The Energy Department released a new report today highlighting strong growth in the U.S. wind energy market in 2011, increasing the United States’ share of clean energy and supporting tens of thousands of jobs, and underscoring the importance of continued policy support and clean energy tax credits to ensure that the manufacturing and jobs associated
The Energy Department released a new report today highlighting strong growth in the U.S. wind energy market in 2011, increasing the United States’ share of clean energy and supporting tens of thousands of jobs, and underscoring the importance of continued policy support and clean energy tax credits to ensure that the manufacturing and jobs associated with this booming global industry remain in America.
According to the 2011 Wind
Technologies Market Report, the United States remained one of the world’s largest
and fastest growing wind markets in 2011, with wind power representing a
remarkable 32% of all new electric capacity additions in the United States last
year and accounting for $14 billion in new investment.
According the report, the
percentage of wind equipment made in America also increased dramatically.
Nearly seventy percent of the equipment installed at U.S. wind farms last
yearâ€”including wind turbines and components like towers, blades, gears, and
generatorsâ€”is now from domestic manufacturers, doubling from 35% in 2005.
President Obama has made clear that clean, renewable wind energy is a critical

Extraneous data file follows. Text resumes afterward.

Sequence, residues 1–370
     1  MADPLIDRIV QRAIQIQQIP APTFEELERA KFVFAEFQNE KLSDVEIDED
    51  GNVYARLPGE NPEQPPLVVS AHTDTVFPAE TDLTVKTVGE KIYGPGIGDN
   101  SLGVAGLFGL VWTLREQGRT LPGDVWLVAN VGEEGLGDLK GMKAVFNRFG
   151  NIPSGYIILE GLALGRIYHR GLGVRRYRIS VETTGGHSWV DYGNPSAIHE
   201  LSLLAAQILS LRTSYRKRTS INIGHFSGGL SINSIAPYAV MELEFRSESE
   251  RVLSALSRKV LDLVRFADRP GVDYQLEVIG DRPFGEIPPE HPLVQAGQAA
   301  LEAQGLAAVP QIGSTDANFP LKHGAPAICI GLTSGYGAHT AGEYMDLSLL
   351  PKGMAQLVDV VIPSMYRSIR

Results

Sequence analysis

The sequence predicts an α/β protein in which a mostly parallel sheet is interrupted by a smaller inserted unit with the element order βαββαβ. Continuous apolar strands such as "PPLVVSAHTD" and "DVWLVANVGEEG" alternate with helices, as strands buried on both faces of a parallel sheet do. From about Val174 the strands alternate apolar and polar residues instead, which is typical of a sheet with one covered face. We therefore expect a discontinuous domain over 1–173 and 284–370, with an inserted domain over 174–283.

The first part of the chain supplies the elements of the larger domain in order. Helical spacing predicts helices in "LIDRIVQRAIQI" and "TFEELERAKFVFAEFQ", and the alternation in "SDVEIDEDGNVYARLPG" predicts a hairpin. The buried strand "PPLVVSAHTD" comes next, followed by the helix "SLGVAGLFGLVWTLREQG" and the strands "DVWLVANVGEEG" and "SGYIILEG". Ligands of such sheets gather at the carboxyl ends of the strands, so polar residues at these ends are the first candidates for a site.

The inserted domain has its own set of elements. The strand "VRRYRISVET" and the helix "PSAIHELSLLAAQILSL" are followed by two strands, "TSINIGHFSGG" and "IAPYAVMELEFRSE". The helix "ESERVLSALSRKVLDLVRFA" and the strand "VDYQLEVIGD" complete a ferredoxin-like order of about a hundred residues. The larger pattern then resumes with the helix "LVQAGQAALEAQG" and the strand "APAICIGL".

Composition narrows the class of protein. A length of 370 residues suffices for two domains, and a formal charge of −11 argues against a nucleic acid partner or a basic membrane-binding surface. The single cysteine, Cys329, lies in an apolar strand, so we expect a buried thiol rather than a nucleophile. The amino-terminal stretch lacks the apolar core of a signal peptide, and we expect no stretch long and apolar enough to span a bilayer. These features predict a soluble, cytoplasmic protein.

part of an all-of-the-above energy strategy that aims to develop more secure,
domestic energy sources, while strengthening American manufacturing.
“This report shows that
America can lead the world in the global race to manufacture and deploy clean
energy technologies,” said Energy Secretary Steven Chu. “The wind
industry employs tens of thousands of American workers and has played a key
role in helping to more than double wind power over the last four years. To
ensure that this industry continues to stay competitive, President Obama has
called on Congress to extend the successful clean energy tax credits, which are
benefiting businesses and manufacturers nationwide.”
The report finds that in
2011, roughly 6,800 megawatts (MW) of new wind power capacity was added to the
U.S. grid, a 31% increase from 2010 installations. The United States’ wind
power capacity reached 47,000 MW by the end of 2011 and has since grown to
50,000 MW, enough electricity to power 13 million homes annually or as many as
in Nevada, Colorado, Wisconsin, Virginia, Alabama, and Connecticut combined.
The country’s cumulative installed wind energy capacity grew 16% from 2010, and
has increased more than18-fold since 2000. The report also finds that six
states now meet more than 10% of their total electricity needs with wind power.
The growth in the industry
has also led directly to more American jobs throughout a number of sectors and
at factories across the country. According to industry estimates, the wind
sector employs 75,000 American workers, including workers at manufacturing
facilities up and down the supply chain, as well as engineers and construction
workers who build and operate the wind farms.